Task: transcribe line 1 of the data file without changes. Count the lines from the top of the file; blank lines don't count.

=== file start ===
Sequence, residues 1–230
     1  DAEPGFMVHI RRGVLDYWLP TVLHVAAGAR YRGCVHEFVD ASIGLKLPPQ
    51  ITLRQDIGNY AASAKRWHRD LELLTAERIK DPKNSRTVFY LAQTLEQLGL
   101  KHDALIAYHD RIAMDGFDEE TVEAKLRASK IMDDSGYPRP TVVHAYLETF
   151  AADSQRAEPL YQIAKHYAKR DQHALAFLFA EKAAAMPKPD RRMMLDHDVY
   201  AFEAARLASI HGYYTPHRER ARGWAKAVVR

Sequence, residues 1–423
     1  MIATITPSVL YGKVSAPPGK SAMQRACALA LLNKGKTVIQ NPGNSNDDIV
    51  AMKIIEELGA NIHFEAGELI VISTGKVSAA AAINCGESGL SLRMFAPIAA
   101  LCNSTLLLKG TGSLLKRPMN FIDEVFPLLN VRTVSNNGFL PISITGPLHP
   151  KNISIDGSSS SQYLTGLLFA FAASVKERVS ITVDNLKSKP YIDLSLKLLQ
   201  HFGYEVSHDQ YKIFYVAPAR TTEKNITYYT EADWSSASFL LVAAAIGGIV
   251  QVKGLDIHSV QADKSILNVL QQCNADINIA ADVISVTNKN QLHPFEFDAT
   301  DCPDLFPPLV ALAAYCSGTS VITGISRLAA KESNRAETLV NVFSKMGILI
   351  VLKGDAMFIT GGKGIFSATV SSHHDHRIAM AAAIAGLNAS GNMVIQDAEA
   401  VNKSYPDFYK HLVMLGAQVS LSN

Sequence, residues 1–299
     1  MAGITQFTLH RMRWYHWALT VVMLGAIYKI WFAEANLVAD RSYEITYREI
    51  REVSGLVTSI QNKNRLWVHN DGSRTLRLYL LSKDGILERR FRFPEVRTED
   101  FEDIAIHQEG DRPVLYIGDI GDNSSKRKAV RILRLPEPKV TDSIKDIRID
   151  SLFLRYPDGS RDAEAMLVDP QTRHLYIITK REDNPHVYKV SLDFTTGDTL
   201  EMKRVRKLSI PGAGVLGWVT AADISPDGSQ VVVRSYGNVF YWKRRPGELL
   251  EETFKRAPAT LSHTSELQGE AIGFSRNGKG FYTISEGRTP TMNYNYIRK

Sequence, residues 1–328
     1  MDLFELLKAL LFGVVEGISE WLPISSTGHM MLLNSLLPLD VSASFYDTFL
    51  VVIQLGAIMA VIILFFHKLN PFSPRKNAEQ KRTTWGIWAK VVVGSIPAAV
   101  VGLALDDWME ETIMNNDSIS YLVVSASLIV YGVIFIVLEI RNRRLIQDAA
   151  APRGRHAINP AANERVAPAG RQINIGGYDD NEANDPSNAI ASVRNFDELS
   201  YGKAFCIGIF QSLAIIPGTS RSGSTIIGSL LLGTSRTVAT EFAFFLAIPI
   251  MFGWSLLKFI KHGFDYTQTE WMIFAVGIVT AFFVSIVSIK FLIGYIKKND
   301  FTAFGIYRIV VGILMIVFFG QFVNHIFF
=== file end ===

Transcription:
Sequence, residues 1–230